For example, Cutting quantified the amount of motion depicted in a movie by tracing the extent to which pixels change across successive frames—more pixels change when motion is depicted than when the camera remains focused on a stationary object.
The results are shown in the figure below, with the abscissa again representing a standardized measure of time:
It is clear that motion declines during the setup, then remains relatively stable but picks up again during the climax, followed by a sharp return to general calm at the very end.
A mirror image results when luminance is examined:
Apparently movies are at their darkest just before the climax, and they are brightest at the very end. This systematicity is unlikely to be coincidental because brightness affects mood. The brighter the image, the better viewers generally feel—not surprisingly, therefore, movies are brightest at the (presumably happy) end.
All of these results support the notion that movies, for the past 75 years, have generally followed a four-act structure.
In his remaining analyses, Cutting focuses on the micro-structure of movies, such as the role of music and shot scales (i.e., whether a shot is a long shot or close-up) and functional variations in narrative structure across acts. The work is too extensive to permit a full summary here, but the way in which narrative shifts occur in a movie is intriguing and deserves to be highlighted.
The psychological consequences of physical continuity or discontinuity are very different from what one might think at first glance. Strikingly, cuts need not induce a sense of discontinuity even though they typically involve glaring and abrupt physical differences—indeed, our ability to perceive continuity is so strong that we sometimes miss the obvious:
But of course discontinuities do occur in narratives, and we are quite attuned to detecting a transition to another scene. There are three variables that can signal a transition to another scene: changes in location, changes of characters (arrival or departure of a person), and changes of time (flashbacks or dreams). Frequently, those variables are combined to signal a shift in narrative, for example when the setting moves from indoors to outdoors and involves a different set of people (perhaps even in a different time).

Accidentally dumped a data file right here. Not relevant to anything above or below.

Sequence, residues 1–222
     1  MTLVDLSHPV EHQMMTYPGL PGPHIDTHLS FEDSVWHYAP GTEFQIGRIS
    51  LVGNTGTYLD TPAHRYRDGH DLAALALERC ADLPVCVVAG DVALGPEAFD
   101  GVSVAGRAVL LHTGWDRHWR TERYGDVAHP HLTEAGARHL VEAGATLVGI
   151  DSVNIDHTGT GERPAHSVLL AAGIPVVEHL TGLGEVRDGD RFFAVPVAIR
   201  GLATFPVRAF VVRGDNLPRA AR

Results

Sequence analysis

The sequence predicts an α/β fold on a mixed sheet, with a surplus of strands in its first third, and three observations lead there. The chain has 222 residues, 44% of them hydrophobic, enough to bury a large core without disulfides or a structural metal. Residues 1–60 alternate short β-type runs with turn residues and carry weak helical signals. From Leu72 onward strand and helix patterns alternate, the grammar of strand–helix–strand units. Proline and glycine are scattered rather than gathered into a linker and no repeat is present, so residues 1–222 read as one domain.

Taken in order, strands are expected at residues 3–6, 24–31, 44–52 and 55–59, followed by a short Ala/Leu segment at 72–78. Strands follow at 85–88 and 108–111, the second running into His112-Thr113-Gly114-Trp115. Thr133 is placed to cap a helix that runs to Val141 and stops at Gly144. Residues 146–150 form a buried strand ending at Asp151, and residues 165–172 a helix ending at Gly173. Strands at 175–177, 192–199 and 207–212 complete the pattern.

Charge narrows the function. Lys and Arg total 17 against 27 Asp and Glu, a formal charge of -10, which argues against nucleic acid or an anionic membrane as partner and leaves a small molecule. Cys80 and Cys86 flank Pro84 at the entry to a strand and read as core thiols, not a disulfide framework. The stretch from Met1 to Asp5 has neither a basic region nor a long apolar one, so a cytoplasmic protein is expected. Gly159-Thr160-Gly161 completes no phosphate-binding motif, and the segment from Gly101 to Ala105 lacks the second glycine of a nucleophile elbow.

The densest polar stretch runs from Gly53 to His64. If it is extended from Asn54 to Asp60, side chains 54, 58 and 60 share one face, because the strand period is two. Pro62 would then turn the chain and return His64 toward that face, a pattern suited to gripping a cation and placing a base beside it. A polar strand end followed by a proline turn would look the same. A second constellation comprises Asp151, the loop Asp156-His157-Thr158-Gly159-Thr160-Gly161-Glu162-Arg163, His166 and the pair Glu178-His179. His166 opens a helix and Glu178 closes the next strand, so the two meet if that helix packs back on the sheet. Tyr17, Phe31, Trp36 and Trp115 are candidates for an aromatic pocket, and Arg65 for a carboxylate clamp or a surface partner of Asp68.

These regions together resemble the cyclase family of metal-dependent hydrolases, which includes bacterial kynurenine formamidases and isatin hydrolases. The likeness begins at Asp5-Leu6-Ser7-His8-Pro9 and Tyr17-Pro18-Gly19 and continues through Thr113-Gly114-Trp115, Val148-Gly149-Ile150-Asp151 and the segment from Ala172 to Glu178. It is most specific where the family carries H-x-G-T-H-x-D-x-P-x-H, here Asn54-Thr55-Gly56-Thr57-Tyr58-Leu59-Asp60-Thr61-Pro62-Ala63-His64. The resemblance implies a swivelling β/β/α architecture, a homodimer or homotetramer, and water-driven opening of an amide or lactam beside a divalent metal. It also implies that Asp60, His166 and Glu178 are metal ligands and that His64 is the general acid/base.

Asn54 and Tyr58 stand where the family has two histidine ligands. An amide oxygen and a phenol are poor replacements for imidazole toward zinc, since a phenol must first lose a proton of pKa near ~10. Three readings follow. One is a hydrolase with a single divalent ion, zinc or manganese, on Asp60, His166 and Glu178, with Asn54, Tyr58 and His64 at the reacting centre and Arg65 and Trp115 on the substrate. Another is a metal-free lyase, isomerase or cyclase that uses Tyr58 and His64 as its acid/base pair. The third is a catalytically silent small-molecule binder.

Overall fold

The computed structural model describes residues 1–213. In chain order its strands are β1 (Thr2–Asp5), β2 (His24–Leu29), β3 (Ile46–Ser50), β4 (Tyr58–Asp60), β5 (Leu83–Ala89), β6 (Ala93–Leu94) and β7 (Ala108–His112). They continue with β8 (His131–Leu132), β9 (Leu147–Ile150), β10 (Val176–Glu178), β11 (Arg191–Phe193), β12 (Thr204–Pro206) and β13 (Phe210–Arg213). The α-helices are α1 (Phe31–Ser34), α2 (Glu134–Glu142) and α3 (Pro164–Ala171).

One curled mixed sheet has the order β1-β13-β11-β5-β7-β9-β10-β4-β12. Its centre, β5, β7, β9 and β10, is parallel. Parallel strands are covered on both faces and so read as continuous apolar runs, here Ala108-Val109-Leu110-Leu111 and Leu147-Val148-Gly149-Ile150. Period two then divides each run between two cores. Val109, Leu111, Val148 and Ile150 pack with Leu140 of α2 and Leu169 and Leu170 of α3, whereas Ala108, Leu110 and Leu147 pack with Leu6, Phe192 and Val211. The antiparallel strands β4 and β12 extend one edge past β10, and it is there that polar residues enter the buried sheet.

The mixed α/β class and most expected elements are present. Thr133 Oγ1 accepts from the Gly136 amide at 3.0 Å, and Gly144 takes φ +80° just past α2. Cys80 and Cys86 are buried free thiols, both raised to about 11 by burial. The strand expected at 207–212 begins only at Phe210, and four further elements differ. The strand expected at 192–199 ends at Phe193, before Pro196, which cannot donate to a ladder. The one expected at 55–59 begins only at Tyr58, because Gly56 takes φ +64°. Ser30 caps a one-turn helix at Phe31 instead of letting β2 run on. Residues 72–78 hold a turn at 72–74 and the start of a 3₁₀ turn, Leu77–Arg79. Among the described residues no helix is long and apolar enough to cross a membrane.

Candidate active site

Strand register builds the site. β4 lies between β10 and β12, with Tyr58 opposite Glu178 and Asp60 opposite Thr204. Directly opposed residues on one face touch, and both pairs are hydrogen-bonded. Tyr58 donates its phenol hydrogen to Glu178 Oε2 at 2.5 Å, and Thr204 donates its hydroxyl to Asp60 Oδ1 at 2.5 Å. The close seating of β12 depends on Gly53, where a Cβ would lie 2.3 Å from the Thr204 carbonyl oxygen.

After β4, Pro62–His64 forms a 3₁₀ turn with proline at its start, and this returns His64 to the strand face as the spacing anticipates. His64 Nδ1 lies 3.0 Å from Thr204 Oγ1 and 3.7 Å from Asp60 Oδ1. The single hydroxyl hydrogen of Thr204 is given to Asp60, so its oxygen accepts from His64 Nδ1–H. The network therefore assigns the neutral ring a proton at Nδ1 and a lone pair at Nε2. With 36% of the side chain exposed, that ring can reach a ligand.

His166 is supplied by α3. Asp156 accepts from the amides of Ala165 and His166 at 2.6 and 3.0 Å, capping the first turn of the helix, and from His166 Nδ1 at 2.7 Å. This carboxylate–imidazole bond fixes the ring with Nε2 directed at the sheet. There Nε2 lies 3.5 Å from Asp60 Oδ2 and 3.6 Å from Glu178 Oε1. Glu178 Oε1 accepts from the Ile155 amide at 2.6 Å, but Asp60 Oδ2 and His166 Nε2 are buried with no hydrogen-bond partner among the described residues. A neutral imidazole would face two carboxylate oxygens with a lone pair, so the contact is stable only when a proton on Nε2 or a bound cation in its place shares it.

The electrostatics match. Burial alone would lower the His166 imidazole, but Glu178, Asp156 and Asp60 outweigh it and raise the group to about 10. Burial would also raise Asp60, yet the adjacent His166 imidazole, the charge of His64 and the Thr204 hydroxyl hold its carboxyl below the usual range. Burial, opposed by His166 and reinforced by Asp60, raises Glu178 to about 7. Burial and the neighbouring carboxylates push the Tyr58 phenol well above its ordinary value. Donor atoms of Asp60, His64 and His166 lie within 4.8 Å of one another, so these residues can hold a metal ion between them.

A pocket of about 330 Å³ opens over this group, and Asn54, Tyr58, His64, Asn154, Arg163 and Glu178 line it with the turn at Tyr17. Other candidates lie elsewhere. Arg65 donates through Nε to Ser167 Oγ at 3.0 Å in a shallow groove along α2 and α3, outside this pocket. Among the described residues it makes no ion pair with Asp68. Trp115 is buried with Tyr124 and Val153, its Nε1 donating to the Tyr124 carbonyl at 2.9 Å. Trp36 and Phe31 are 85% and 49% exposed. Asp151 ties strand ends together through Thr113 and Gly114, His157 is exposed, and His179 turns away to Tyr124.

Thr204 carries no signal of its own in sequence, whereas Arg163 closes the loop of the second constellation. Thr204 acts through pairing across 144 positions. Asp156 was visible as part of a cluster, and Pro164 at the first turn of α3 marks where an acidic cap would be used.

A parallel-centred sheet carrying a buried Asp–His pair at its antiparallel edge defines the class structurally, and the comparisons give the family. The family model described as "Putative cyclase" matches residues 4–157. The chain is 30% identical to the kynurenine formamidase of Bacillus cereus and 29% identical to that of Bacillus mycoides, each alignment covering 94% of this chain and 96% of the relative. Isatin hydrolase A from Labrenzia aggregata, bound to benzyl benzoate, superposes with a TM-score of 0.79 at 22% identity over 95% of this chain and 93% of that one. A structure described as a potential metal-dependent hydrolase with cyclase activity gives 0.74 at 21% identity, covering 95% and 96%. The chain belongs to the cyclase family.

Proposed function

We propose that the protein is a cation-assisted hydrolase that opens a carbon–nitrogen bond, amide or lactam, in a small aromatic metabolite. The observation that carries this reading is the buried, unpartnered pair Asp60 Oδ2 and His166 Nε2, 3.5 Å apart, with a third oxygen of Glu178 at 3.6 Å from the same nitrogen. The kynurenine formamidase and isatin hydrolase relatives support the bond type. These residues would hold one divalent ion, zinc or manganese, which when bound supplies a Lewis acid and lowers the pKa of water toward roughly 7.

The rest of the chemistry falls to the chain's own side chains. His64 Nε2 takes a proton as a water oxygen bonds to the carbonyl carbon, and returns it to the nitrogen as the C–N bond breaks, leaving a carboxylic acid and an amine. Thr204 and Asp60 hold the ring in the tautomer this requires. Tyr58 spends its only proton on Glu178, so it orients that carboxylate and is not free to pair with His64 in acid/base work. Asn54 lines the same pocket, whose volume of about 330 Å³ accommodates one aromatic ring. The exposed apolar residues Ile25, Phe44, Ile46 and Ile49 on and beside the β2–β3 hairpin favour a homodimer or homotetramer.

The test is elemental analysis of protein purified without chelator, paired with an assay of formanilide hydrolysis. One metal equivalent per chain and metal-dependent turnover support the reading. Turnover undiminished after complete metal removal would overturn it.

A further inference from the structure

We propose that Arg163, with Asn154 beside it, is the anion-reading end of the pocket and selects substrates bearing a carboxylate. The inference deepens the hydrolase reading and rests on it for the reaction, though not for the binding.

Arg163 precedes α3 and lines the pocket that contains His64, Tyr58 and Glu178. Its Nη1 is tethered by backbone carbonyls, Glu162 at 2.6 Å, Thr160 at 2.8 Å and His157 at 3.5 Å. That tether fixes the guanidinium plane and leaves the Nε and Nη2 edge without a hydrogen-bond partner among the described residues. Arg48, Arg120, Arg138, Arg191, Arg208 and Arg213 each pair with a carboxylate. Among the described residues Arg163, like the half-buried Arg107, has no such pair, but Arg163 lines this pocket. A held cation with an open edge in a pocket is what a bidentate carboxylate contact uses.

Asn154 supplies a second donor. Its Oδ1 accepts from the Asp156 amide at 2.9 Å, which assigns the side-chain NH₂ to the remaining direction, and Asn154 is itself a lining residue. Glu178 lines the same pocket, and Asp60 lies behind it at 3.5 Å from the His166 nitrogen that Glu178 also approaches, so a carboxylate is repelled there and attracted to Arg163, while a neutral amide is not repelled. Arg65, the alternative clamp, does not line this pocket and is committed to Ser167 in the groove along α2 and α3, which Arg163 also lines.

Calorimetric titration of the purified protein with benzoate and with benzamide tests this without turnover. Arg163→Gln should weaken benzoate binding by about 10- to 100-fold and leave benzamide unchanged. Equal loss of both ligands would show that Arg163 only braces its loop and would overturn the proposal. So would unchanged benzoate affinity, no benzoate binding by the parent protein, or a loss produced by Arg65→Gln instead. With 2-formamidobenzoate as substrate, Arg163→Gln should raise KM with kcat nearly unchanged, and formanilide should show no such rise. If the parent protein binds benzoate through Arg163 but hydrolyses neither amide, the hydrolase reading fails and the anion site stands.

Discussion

When those different means of introducing a new scene are quantified, the following pattern results:
Overall, there are fewer scene shifts during the complication and development phases, which reflects the fact that those segments involve more conversation—and conversational scenes tend to last longer than others, hence there are fewer transitions. Two of the variables, location and characters, mirror this overall trend perfectly. The third variable, time, presents a very different pattern: unlike the other variables, scene shifts based on time become less frequent as a movie heads towards its climax.
This decline might reflect the deadline that is embodied in most narratives across all movie genres: The protagonist(s) must attain a goal at a particular time. In consequence, as a movie approaches that deadline, there is a strong tendency to merge narrative time with real time—there is no time for flashbacks when Cary Grant must help Eva Marie Saint descend Mount Rushmore.
So what are movies really like?
Cutting’s work provides an in-depth answer at many levels—from the brightness of a movie to its macro structure. Far from being psychologically trivial, his work fills a void that is often left blank in cognitive psychology: We talk about “information processing” but frequently we seek to understand the “processing” without knowing much about the “information”.
Cutting’s work is of interest not just to cognitive psychologists but also to practitioners: Tomorrow we will find out what a screenwriter makes of Cutting’s analysis. Are movies really like this?
Article focused on in this post:
Cutting, J. E. (2016). Narrative theory and the dynamics of popular movies. Psychonomic Bulletin & Review, DOI: 10.3758/s13423-016-1051-4.